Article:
On a recent morning in this small swatch of log cabins and collective farms along the Volga River, Stanislav Morzhukhin began his day the...
VYPOLZOVO, Russia — On a recent morning in this small swatch of log cabins and collective farms along the Volga River, Stanislav Morzhukhin began his day the way he begins most days: swilling moonshine made from solvent-strength spirits and allergy medicine.
By midafternoon, the 34-year-old repairman knew he couldn’t work. He could barely stand. He jabbed his finger toward three empty bottles on the floor, as if to damn them for ruining his life. His words tumbled out in fragments, but the desperation in his voice rang clear.
“I don’t know how to stop. Teach me how to stop,” Morzhukhin pleaded to a visitor as his wife, Elena, glowered at him from across their kitchen table. “I go on a binge for two weeks, go to work, then go back on a binge. I’m tired of my life now. This isn’t living, it’s existing.”
In Vypolzovo and thousands of ramshackle villages like it across Russia’s heartland, the salve for empty pocketbooks and gloom-filled futures comes in a bottle of hooch — everything from homemade vodka to windshield de-icer.
Fifteen years of post-Soviet capitalism has left rural Russia straggling far behind. Russians in collective farms across the country’s 11 time zones could count on a safety net of free housing and health care — and on regular paychecks — during the Soviet era. In today’s Russia, those same villagers live day-to-day, shivering through stretches of winter without heat, cringing at the sight of their children in tattered clothes.
“Those who don’t have cattle or a job, they drink,” says Artem Norbekov, 29, unemployed and wobbly from an afternoon of drinking diluted solvent. “We’re not to blame for drinking — those who are in charge of our jobs are to blame.”
Alcoholism poses as much a national health crisis in Russia today as it did during the Soviet Union’s early 1980s, when up to two of every five men were considered alcoholics.
Today alcohol plays a role in the deaths of nearly a third of all Russians, says Alexander Nemtsov, director of the Moscow Psychiatry Institute and one of the country’s leading experts on alcoholism. Alcohol poisoning kills an estimated 40,000 Russians each year, compared with just 400 Americans annually.
Alcohol abuse is believed to be one of the driving forces behind Russia’s shrinking population, which now stands at 143 million and is projected to plummet to 80 million by 2050. The average life expectancy for a Russian woman now is 72 — but for Russian men it has dropped to 58.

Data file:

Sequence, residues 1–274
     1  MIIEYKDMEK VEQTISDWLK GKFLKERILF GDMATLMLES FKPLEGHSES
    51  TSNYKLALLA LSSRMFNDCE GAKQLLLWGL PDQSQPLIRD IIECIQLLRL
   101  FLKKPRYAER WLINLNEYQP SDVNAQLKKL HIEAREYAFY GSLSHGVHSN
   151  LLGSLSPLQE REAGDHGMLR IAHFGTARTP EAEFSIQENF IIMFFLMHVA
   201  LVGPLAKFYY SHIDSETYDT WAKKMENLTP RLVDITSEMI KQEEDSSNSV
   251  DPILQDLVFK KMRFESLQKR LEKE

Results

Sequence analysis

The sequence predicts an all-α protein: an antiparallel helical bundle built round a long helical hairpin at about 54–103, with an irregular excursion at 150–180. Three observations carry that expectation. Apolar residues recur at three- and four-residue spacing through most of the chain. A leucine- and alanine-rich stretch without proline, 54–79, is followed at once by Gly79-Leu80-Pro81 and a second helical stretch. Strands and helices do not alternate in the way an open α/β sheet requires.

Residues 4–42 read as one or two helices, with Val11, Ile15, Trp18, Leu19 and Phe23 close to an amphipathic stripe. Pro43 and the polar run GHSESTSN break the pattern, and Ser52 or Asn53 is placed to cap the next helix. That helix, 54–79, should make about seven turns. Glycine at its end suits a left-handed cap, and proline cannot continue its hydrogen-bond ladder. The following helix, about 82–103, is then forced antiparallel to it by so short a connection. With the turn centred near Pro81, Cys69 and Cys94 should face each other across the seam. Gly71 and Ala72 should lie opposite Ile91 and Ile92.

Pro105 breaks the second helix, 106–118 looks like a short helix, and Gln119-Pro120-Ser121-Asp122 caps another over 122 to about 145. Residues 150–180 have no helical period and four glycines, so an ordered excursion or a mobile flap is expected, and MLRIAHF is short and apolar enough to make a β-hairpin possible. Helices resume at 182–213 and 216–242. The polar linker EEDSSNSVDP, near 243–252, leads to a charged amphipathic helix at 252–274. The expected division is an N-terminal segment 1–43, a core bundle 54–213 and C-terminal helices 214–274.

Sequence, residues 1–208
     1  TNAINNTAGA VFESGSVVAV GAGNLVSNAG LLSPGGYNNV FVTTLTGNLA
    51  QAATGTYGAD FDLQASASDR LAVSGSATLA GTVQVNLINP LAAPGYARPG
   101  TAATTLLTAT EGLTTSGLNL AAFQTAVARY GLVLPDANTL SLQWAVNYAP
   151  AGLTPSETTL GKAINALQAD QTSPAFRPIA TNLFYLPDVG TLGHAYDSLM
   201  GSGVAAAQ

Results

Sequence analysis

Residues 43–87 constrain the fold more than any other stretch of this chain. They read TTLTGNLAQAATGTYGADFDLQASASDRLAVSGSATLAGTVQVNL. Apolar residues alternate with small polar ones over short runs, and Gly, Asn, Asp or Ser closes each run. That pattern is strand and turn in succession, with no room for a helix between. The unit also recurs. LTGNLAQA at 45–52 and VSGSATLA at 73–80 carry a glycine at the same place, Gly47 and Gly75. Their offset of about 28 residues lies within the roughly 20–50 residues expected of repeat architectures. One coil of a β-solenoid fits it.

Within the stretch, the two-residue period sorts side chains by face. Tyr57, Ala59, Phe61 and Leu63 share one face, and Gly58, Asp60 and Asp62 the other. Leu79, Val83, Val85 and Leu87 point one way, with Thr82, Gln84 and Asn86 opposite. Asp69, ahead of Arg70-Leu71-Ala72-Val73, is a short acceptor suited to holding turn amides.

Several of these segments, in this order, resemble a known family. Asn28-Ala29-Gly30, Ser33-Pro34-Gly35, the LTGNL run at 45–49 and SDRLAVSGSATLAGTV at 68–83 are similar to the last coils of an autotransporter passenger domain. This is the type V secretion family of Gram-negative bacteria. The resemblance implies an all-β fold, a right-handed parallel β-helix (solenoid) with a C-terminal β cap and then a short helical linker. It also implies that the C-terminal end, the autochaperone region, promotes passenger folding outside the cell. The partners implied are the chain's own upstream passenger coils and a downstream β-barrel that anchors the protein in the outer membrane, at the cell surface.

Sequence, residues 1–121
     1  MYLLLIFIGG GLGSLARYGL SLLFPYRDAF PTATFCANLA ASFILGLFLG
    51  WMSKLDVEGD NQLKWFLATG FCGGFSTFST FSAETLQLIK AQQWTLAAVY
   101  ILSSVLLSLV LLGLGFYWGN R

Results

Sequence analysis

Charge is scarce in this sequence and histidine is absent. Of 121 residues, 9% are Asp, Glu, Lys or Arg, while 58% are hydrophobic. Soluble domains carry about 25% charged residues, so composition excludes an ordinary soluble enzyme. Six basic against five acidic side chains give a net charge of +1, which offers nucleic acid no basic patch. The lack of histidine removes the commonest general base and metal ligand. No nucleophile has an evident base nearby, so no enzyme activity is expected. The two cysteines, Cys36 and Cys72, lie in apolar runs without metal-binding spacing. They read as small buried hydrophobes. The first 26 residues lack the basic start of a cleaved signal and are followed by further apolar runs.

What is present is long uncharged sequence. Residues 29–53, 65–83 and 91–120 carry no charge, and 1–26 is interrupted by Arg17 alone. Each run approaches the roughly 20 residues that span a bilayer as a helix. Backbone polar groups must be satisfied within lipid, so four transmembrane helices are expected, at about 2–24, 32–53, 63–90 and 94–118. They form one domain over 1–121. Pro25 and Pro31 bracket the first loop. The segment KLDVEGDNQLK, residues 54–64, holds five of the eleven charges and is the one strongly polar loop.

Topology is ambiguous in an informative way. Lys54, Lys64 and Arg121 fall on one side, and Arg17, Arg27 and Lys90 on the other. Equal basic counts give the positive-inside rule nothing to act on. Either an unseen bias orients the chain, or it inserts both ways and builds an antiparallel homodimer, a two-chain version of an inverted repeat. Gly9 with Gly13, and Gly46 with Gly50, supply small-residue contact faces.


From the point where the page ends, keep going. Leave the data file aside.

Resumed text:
“Solving Russia’s alcoholism problem isn’t the easiest way to solve its demographic crisis,” Nemtsov said, “but it’s the best way.”
The Kremlin has a history of ignoring the problem. When it has tried to act, the results have not been impressive.
Mikhail Gorbachev’s ill-fated anti-alcohol campaign slashed the hours that vodka could be sold and scaled back production; the measures infuriated Russians and fueled a booming black market. The Russian government nearly caused a revolt when it raised taxes on vodka by 40 percent in 2000. More recently, President Vladimir Putin has turned his attention to beer, signing into law earlier this month a ban on drinking it in public places.
Health experts say government efforts should target the counterfeit alcohol market, which is wreaking havoc on Russia’s working class. Occasional stings aimed at uncovering illegal alcohol production aren’t enough, the experts say — authorities need to clamp down on corrupt officials who look the other way for a price.
“The main problem is the availability of cheap counterfeit alcohol, and the corruption associated with it,” Nemtsov said. “That’s the root of the evil, and so far, authorities haven’t done anything about it.”
The toxic brew Morzhukhin is hooked on is called Gamyrka and is sold by dealers who work door-to-door. A 16-ounce bottle of Gamyrka costs about 60 cents. The toll it takes on villages such as Vypolzovo is incalculable.
Vypolzovo’s dairy farm employs about 50 people. More than half are alcoholics, says the farm’s director, Nikolai Ustinov. Many routinely show up to work drunk, and some drink at work.
Firing them would slash his work force, so Ustinov sends them home if they are too drunk. He also has sent a few workers to the regional capital, Yaroslavl, to be “coded,” a kind of treatment that relies on a regimen of powerful drugs and counseling to scare the alcoholic into staying sober. Its effects don’t last. Morzhukhin has been coded eight times.
“I think our productivity would increase threefold if everyone weren’t so drunk here,” Ustinov says. “These workers are a burden, but we don’t want to ruin their lives, so we try to help them.”
Villages that surround Ustinov’s farm long ago lost any sense of community. Villagers stagger down snow-packed roads, drunk by midday. Standing on a village lane with her coat open on a frigid afternoon, Ludmilla Kulikova bobs her head and insists she is perfectly fit to work her shift in the dairy stables at Ustinov’s farm.
She has had several rounds of what many villagers in Manylovo drink: a spirit called Russian North, diluted with water. Ostensibly sold as bath foam, Russian North, the label on an 8-ounce bottle states, is more than 90 percent ethyl alcohol.
“If they sell it, why not drink it?” Kulikova says. “It’s cheaper than vodka, so we buy it.”